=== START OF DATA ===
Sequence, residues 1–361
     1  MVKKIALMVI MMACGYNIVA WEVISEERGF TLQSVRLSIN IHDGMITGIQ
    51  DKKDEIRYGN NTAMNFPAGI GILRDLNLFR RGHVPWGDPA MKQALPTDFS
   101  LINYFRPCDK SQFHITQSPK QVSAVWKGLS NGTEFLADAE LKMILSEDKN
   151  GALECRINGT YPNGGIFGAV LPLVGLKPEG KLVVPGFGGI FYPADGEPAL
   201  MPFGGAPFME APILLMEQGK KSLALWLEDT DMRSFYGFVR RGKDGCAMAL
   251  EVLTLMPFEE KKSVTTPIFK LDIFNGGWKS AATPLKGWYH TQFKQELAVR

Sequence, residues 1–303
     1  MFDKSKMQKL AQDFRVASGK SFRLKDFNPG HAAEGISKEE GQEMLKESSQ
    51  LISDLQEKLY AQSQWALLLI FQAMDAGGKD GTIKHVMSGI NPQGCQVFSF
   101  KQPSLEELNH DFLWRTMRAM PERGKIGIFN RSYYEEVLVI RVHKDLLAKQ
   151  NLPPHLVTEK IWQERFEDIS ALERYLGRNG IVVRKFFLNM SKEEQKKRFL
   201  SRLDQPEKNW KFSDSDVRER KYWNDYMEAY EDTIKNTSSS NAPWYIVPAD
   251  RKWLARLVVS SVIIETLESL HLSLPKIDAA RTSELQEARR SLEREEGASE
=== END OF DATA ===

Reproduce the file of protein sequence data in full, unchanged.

Sequence, residues 1–361
     1  MVKKIALMVI MMACGYNIVA WEVISEERGF TLQSVRLSIN IHDGMITGIQ
    51  DKKDEIRYGN NTAMNFPAGI GILRDLNLFR RGHVPWGDPA MKQALPTDFS
   101  LINYFRPCDK SQFHITQSPK QVSAVWKGLS NGTEFLADAE LKMILSEDKN
   151  GALECRINGT YPNGGIFGAV LPLVGLKPEG KLVVPGFGGI FYPADGEPAL
   201  MPFGGAPFME APILLMEQGK KSLALWLEDT DMRSFYGFVR RGKDGCAMAL
   251  EVLTLMPFEE KKSVTTPIFK LDIFNGGWKS AATPLKGWYH TQFKQELAVR

Sequence, residues 1–303
     1  MFDKSKMQKL AQDFRVASGK SFRLKDFNPG HAAEGISKEE GQEMLKESSQ
    51  LISDLQEKLY AQSQWALLLI FQAMDAGGKD GTIKHVMSGI NPQGCQVFSF
   101  KQPSLEELNH DFLWRTMRAM PERGKIGIFN RSYYEEVLVI RVHKDLLAKQ
   151  NLPPHLVTEK IWQERFEDIS ALERYLGRNG IVVRKFFLNM SKEEQKKRFL
   201  SRLDQPEKNW KFSDSDVRER KYWNDYMEAY EDTIKNTSSS NAPWYIVPAD
   251  RKWLARLVVS SVIIETLESL HLSLPKIDAA RTSELQEARR SLEREEGASE